University of Kentucky sees the light in ‘evangelical’ row

Freya Berry 27 January 2011

The University of Kentucky has been forced to pay a $125,000 settlement to the “evangelical” astrophysicist Martin Gaskell, after denying him the post of Observatory Director in 2007.

After researching Gaskell’s religious beliefs, Michael Cavagnero, the Chairman of the Physics and Astronomy department revealed what he called Gaskell’s “potentially evangelical” views on creationism and intelligent design. Canagnero reiterated that in a public talk Gaskell made insidious and inaccurate comments about atheism and evolutionary theory. He concluded that “while a talented astronomer, Dr Gaskell is a lousy biologist”

However, regarding Cavagnero’s “potentially evangelical” comment, Dr Gaskell’s lawyer, Francis J. Manion, said: “I couldn’t have made up a better quote. ‘We like this guy, but he is potentially Jewish? Potentially Muslim?'”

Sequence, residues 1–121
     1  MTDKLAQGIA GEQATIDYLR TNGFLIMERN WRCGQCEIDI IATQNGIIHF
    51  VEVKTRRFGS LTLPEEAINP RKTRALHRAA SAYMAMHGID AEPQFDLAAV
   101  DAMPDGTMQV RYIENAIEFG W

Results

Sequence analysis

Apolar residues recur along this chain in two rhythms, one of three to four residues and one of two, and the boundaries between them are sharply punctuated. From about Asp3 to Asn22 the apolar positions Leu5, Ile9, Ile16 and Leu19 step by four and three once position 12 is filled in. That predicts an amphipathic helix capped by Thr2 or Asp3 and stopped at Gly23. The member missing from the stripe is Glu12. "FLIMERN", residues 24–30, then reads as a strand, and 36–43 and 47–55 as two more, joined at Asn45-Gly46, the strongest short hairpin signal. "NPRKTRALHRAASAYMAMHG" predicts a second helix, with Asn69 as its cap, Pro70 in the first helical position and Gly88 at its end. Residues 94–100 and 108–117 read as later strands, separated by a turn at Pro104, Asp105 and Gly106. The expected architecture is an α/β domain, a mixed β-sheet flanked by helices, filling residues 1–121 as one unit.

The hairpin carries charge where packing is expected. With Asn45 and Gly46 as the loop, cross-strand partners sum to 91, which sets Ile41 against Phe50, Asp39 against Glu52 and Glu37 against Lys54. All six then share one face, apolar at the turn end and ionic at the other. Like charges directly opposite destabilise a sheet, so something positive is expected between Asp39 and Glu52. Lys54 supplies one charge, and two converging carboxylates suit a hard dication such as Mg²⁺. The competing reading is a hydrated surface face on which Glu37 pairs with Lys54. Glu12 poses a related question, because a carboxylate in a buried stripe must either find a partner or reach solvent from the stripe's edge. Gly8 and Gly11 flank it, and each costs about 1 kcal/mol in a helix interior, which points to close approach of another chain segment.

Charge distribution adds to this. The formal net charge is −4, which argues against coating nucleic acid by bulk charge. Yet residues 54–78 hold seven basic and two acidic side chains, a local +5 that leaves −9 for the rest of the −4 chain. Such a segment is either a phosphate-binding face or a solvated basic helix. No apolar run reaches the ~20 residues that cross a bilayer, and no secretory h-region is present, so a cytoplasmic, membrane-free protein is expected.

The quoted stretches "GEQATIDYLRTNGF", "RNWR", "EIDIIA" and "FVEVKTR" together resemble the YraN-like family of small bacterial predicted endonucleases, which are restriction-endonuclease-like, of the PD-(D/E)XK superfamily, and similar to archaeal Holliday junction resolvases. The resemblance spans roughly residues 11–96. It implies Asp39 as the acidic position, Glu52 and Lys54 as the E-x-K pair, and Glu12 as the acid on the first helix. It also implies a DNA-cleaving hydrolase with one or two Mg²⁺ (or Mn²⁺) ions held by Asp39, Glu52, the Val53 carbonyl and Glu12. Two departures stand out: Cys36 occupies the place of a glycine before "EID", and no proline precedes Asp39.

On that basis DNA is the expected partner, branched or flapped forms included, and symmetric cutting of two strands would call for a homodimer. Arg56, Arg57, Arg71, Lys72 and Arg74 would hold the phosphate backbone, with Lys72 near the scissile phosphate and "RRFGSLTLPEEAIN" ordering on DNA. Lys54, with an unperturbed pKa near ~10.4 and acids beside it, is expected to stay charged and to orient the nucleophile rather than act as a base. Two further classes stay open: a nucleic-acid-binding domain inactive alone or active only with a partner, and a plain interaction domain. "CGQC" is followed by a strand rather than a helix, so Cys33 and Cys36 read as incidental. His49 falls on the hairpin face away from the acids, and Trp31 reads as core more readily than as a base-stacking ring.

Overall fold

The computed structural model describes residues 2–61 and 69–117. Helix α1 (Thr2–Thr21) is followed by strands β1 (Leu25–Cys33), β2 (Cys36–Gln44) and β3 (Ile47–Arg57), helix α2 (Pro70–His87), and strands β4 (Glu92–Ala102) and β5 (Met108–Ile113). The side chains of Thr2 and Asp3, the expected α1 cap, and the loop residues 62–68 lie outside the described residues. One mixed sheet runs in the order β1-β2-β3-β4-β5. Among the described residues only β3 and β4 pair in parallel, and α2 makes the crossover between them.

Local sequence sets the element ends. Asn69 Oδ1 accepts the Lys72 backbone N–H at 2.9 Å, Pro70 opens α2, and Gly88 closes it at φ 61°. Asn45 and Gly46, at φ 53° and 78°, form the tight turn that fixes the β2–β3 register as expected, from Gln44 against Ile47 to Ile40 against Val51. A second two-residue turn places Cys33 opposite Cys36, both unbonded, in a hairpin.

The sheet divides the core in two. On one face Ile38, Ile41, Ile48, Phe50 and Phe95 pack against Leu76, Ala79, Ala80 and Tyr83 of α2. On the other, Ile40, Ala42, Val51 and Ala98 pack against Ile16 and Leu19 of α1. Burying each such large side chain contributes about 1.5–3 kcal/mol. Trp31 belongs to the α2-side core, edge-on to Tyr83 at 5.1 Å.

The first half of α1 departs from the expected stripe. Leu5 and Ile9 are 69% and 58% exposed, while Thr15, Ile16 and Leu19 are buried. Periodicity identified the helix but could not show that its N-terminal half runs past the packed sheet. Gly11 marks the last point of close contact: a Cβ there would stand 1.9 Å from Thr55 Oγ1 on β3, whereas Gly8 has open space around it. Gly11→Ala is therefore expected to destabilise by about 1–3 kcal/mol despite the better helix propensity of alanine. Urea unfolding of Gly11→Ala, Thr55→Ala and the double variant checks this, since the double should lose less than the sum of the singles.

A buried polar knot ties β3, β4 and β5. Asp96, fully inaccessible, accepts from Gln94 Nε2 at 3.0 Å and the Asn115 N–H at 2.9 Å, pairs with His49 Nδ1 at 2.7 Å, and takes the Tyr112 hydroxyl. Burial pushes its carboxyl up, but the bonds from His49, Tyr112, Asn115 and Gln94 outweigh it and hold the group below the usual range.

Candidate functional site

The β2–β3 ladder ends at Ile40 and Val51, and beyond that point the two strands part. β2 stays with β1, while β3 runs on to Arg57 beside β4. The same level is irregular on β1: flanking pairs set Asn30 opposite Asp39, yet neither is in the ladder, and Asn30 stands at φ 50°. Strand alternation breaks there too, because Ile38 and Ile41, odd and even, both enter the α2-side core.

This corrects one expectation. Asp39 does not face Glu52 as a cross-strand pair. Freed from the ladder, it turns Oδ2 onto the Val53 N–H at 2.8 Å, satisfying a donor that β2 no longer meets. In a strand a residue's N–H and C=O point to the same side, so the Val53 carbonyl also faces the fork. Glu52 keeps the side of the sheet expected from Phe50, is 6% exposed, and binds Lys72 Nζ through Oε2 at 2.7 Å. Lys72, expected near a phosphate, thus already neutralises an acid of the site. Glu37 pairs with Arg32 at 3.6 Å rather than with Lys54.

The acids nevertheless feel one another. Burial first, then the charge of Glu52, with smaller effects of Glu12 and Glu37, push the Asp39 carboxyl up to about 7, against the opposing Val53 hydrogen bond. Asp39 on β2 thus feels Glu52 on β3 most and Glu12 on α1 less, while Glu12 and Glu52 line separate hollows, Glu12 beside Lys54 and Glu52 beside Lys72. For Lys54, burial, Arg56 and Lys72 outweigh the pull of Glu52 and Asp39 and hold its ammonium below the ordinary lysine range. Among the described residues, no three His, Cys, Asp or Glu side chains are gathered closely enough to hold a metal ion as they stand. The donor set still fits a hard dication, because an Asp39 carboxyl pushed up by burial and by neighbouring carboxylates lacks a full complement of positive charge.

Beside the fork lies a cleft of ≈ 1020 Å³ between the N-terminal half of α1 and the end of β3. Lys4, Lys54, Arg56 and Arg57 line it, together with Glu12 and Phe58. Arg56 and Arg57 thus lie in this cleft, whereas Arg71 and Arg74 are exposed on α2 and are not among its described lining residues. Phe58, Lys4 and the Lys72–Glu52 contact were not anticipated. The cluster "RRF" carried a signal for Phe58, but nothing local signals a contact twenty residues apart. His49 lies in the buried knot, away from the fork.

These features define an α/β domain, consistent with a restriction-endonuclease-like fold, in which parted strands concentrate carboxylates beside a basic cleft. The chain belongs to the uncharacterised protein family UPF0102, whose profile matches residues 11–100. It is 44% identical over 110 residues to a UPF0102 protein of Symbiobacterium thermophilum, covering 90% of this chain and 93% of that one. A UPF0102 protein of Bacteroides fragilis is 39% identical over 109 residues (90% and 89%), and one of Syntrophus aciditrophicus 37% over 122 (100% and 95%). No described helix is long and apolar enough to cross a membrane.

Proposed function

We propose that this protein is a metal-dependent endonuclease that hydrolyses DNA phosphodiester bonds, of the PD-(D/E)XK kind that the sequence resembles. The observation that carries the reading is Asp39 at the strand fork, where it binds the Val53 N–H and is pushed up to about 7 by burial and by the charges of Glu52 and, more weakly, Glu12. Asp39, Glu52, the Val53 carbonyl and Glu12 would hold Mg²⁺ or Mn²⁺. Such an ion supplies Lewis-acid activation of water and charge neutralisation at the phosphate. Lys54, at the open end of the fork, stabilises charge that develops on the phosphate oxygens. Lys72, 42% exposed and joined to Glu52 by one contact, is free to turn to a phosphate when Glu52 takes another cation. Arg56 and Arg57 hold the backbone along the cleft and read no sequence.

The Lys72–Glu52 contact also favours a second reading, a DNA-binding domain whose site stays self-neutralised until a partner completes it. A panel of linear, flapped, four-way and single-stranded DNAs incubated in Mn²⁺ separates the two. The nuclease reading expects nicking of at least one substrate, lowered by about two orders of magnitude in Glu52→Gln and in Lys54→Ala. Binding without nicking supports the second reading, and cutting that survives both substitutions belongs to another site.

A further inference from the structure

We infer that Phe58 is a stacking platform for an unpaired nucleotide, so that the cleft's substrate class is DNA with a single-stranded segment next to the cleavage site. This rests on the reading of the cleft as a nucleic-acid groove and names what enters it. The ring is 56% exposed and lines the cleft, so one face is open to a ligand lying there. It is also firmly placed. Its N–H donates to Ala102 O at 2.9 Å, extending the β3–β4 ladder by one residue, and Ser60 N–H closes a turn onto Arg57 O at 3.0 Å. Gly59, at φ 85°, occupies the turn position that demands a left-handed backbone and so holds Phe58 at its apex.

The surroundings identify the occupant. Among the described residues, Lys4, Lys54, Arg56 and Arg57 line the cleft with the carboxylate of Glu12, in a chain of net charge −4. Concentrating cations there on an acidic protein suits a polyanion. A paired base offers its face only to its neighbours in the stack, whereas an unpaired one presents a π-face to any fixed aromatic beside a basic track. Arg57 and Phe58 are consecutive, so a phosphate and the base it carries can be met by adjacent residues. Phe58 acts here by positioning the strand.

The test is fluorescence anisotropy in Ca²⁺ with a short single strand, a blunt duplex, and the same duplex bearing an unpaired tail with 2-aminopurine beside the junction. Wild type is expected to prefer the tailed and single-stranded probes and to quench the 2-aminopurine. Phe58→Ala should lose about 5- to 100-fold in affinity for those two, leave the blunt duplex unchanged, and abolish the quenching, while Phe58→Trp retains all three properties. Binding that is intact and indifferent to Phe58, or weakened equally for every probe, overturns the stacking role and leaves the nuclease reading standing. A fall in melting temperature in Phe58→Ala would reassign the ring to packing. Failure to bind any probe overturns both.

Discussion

Federal law prohibits discrimination on the grounds of religion. In the UK, the Education Reform Act 1988 ensures that “academic staff have freedom within the law to put forward new ideas and controversial or unpopular opinions, without placing themselves in jeopardy of losing their jobs or privileges they may have at their institutions.”

Professor Gill Evans, Emeritus professor of Medieval Theology, told The Cambridge Student that if there was a similarly controversial lecturer at Cambridge, she believed it would simply lead to “energetic exchange with students.” She added that “if the University tried to sack him, the state of the law on discrimination in this area would be interesting to test.”

In 1997, Chris Brand of Edinburgh University, and a self-styled “scientific racist”, was dismissed after a university tribunal found him guilty of gross misconduct. However, he later sued the university on grounds of unfair dismissal and received £12,000 in an out-of-court settlement.

Freya Berry